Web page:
Tech-themed puzzle pieces Platform providers are becoming more prevalent and important to the voluntary ecosystem, and it’s important that producers understand how the services may impact the broker-employer relationship. (Image: Shutterstock)

Technology is becoming more critical each day to a broker’s success in voluntary benefits. One technology trend that producers must navigate is the prevalence and growth of “platforms.”

This catch-all term has become synonymous with enrollment systems, exchanges, benefit administration, and consolidated billing systems. Even some payroll processors are developing tools in this category, extending their portfolio of employer services. These platform providers are becoming more prevalent and important to the voluntary ecosystem, so it’s important that producers understand how the services that these companies offer to employers, as well as how they approach them, may impact the broker-employer relationship.

Related: Merging of payroll and benefit platforms creates new challenges, opportunities

A recent Eastbridge report, “Enrollment & Benefit Administration Platform Providers,” found that the most common employer services offered by these companies are HRIS, human capital management and resource planning capabilities. When it comes to benefit enrollment and administration support, nearly all providers offer employer-funded group, voluntary and non-traditional products, and many cite HSA, FSA, COBRA and defined contribution capabilities.

Bonnie Brazzell and Nick Rockwell, Eastbridge Consulting Group, Bonnie Brazzell and Nick Rockwell, Eastbridge Consulting Group, Inc.

Producers need to be aware of how such extensive technology offerings allow these providers to become entrenched with their employer clients. This entrenchment may allow the platform providers to gain considerable control in their relationships with employers.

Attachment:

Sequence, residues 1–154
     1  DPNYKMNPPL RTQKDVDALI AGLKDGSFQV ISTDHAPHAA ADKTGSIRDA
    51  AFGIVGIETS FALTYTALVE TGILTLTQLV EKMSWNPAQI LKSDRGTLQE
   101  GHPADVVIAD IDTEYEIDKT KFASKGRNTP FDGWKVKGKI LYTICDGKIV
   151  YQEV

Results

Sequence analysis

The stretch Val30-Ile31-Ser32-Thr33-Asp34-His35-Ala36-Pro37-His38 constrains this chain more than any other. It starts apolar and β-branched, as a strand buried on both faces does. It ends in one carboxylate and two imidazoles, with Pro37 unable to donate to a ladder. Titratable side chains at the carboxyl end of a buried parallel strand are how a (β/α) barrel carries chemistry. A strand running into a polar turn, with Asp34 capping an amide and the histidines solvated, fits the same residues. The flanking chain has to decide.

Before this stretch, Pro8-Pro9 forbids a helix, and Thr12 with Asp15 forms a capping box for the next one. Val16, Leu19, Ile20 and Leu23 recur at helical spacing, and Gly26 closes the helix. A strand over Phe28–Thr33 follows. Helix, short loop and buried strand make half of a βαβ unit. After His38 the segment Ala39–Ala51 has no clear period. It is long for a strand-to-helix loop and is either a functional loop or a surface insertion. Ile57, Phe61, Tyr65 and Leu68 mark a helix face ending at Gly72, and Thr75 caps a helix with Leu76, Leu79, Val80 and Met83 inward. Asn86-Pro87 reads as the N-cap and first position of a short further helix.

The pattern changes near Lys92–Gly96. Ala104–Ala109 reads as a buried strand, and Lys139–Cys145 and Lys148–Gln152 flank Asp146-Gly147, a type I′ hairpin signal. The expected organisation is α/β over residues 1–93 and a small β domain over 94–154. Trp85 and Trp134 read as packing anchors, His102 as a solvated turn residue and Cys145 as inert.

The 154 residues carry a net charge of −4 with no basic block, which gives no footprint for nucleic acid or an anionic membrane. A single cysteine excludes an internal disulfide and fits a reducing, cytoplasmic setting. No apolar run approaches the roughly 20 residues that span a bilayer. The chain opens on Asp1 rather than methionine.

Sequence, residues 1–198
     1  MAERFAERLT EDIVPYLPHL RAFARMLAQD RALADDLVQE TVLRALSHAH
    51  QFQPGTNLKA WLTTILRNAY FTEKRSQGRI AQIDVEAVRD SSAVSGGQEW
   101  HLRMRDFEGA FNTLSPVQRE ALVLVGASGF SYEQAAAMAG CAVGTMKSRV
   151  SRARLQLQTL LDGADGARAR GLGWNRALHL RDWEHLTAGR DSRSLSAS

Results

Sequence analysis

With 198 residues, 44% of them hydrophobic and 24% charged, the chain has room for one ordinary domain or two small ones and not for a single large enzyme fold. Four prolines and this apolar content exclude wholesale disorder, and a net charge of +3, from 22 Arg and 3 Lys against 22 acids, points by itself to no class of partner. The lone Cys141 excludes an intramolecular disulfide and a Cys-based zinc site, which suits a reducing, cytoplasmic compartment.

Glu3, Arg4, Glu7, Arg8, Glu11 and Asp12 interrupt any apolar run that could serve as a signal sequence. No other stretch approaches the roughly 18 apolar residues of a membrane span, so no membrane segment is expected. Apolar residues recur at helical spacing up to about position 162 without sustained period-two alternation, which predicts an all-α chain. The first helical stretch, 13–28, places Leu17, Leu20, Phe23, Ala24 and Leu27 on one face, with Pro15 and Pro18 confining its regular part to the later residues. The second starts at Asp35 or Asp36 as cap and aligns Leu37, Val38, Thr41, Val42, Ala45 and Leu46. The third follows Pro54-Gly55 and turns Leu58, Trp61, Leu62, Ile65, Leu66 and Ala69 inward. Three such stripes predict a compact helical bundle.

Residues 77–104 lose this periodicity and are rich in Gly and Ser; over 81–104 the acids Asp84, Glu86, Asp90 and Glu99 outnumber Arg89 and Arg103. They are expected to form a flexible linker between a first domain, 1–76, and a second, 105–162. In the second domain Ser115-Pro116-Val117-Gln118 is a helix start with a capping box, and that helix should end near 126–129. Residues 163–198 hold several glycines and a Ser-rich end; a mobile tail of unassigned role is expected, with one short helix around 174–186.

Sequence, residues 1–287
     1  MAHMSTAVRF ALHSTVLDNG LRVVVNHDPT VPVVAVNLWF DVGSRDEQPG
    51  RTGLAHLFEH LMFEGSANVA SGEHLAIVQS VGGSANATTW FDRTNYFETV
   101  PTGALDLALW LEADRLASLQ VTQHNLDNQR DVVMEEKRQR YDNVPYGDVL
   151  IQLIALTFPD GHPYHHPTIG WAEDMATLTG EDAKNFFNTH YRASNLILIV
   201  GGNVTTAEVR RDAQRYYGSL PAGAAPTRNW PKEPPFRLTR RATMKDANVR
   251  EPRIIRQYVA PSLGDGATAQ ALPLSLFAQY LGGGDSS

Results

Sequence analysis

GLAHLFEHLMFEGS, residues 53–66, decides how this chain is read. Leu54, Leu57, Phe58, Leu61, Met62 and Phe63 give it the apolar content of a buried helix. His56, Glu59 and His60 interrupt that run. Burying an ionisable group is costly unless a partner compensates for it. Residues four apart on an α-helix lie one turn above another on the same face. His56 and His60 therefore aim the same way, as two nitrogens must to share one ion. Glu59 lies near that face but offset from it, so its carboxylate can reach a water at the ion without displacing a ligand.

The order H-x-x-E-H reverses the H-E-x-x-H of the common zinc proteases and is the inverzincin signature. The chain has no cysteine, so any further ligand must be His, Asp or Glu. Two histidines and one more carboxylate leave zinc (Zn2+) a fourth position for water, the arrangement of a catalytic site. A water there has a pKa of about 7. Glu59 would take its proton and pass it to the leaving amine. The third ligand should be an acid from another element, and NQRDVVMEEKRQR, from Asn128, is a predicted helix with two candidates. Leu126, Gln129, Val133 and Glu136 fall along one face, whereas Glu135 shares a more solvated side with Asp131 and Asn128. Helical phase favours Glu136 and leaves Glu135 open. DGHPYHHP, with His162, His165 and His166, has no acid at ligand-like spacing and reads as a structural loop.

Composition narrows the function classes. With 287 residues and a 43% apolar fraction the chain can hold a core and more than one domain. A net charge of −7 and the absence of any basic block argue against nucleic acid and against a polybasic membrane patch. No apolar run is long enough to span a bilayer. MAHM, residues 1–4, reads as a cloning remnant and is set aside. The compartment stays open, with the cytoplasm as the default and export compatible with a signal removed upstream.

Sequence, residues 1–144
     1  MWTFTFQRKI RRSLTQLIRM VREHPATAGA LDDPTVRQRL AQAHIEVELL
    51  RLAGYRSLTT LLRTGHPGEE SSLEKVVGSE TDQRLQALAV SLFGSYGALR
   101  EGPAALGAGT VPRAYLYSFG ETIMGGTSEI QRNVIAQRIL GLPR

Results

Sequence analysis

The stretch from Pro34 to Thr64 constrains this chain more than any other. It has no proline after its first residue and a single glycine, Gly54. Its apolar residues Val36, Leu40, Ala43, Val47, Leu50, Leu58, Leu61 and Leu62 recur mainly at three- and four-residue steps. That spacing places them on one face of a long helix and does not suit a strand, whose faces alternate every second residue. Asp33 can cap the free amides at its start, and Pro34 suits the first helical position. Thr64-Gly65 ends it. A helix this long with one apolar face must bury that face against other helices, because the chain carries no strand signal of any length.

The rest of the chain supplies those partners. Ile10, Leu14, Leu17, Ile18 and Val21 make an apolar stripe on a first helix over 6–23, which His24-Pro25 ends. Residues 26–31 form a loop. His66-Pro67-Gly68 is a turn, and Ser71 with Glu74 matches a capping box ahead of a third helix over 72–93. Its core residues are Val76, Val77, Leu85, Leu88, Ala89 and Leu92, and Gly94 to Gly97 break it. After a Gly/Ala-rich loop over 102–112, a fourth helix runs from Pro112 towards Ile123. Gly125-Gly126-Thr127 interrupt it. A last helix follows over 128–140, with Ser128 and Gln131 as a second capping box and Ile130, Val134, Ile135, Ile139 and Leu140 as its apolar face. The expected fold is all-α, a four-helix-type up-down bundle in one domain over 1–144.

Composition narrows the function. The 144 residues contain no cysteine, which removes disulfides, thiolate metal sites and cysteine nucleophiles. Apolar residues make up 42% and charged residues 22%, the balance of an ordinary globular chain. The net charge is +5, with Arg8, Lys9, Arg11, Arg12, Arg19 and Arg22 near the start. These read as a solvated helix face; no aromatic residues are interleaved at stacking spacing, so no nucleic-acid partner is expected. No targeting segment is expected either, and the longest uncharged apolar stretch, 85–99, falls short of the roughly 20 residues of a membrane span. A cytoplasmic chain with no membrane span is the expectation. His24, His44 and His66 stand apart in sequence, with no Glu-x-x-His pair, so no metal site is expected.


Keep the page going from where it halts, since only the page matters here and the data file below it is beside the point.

Recent Eastbridge employer research suggests that employers of all sizes are becoming more demanding and technology aware, and it’s not just large groups. Even the smallest size employers said they are only open to working with carriers that offer online administration.

The growing breadth of platform provider services raises the question of whether these companies are positioning themselves purely as service providers, or perhaps something more. In many instances, providers may be looking to establish one-to-one relationships with the employer, positioning themselves as a technology advisor or partner, rather than purely as a vendor.

The same Eastbridge report found that while almost all system providers cited brokers/consultants as distribution partners, nearly half of the providers also cited direct-to-employer distribution. This direct relationship may impact your role if you don’t have a voice in the benefits technology conversation. For example, think of who your preferred carriers and platforms are today. Platform providers often have a group of “preferred” product manufacturers already established. This group of offerings represent a de facto recommendation from the platform and may reduce your ability to advise on product selection and which providers can be recommended.

The future success of your voluntary business may rest on becoming more knowledgeable about the trends in platform provider service offerings and market approach, as well as determining strategies that ensure your seat at the table in tech conversations. The increased use of technology is quickly becoming a battleground in voluntary benefits.

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